Annotated Bibliography on Early Childhood Education Assessment

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08/02/20 Childcare Reference this

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Bagnato, S.J., Goins, D.D., Pretti-Frontczack, K. (2014). Authentic Assessment as “Best Practice” for Early Childhood Intervention: National Consumer Social Validity Research. Topics in Early Childhood Special Education, 34(2), 116-127. Retrieved from https://journals-sagepub-com.ezproxy.ecu.edu.au/doi/full/10.1177/0271121414523652

  • Bagnato, Goins and Pretti-Frontczack present the argument for authentic assessment in Early Childhood Education [ECE] in opposition to large-scale, national or international, conventional testing. Bagnato, Goins and Pretti-Frontczack (2014, p.118) argue assessment criteria aligning with professional and legislative education standards, combined with authentic criteria including goal setting and observation leads to more valid assessment, reflective of a child’s capabilities. (Bagnato et al., 2014, p.125) Bagnato et al. (2014) utilises standards of acceptability, authenticity, collaboration, evidence, multifactors, sensitivity, universality and utility in comparing authentic assessment and conventional testing measures in early childhood settings, to conclude in order to allow children to demonstrate their understandings and knowledge in a range of modes, and highlight their individual strengths and abilities, authentic assessment is more developmentally appropriate than conventional testing. (Bagnato et al., 2014, p.125).

Basford, J., Bath, C. (2013). Playing the assessment game: an English early childhood education perspective. Early Years, 24(2), 119-132. Retrieved from https://www-tandfonline-com.ezproxy.ecu.edu.au/doi/abs/10.1080/09575146.2014.903386

  • Basford and Bath (2013) draw on legislative documentation and other research to discuss key concerns in ECE. In particular they focus on the ‘purpose’ of assessment in England. Basford and Bath claim one view is “concerned with assessment… against a measureable set of outcomes… to ensure readiness for the next stage of their education” (p.120), “while the opposing view implies it is a collaborative process in which children’s learning and development in documented as an ongoing journey… reflective of culture and practice” (p.120). Supported with research by Papatheodorou (2009), Drummond (2012), Karlsdóttir and Garðarsdóttir (2010), Wood (2007) and Buldu (2010), Basford and Bath (2013, p.121) argue teachers must move away from a pedagogy based on outcomes and profiling, towards one focussed on the child’s thinking and learning processes, however, they must first acquire the knowledge, understanding and skills to develop this pedagogy. The article ‘deconstructs’ ECE policies, suggesting that “practitioners are caught in in playing a game” of assessment and English ECE policies are providing contradictory messages. (Basford & Bath, 2013, p.119)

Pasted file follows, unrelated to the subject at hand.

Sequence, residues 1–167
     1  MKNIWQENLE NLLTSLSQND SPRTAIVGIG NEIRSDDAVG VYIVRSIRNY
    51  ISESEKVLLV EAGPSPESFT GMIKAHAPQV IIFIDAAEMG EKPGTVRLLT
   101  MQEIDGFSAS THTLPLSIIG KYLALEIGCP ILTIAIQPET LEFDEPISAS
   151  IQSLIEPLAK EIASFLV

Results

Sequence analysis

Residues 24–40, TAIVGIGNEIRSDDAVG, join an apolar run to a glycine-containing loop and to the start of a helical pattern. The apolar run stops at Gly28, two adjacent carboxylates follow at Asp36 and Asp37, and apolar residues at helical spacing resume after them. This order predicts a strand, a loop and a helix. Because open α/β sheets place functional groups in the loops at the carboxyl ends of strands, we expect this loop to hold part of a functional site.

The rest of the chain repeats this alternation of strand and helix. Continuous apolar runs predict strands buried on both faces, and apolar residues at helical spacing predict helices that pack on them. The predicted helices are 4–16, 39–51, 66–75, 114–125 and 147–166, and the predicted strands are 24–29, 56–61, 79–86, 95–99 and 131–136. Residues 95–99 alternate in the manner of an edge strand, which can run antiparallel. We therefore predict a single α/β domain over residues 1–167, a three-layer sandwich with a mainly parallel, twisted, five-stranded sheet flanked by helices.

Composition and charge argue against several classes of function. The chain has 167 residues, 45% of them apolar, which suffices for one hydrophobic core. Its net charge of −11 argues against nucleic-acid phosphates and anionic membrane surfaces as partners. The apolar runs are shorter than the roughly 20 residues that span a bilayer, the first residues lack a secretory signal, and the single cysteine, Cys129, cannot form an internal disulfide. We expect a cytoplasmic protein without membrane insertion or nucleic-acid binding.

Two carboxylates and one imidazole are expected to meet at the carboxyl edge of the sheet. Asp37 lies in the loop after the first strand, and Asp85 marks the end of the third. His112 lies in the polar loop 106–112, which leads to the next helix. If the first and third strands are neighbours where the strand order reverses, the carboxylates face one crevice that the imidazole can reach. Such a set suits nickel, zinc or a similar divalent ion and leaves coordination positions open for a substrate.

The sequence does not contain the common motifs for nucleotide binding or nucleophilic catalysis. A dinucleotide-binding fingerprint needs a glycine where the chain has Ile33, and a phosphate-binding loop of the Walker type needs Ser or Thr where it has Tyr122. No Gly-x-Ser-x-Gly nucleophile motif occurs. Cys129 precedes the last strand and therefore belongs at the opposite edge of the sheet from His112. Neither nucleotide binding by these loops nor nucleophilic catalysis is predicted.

Bertram, T., Pascal, C. (2016). Early Childhood Policies and Systems in Eight Countries. Retrieved from https://link-springer-com.ezproxy.ecu.edu.au/content/pdf/10.1007%2F978-3-319-39847-1.pdf

  • Bertram and Pascal’s (2016) study outlines common ECE assessment practices across eight countries. The findings presented suggest many countries focus on “nurturing children’s social and emotional, physical and language development”, however many aim to ensure ‘school readiness’ and value early literacy and numeracy skills over developmental skills. (p.129) Bertram and Pascal (2016) suggest that despite the ECE system having similar demands and challenges, international assessment platforms such as Trends in International Mathematics and Science Study [TIMMS] and the Program for International Student Assessment [PISA] give little attention to ECE learning and development outcomes, arguing these international assessment platforms are not well developed for younger children and therefore outcomes are difficult to achieve. (p.131) Supported by OECD (2006), Bertram and Pascal (2016) suggest that as international tests are not appropriate for ECE outcomes, there is “uncertainty in policy making at a national level and a lack of reliable comparative data at an international level.” (p.135)

Cowie, B., Harrison, C., & Willis, C. (2018). Supporting teacher responsiveness in assessment for learning through disciplined noticing. The Curriculum Journal, 1–16. Retrieved from https://www.tandfonline.com/doi/full/10.1080/09585176.2018.1481442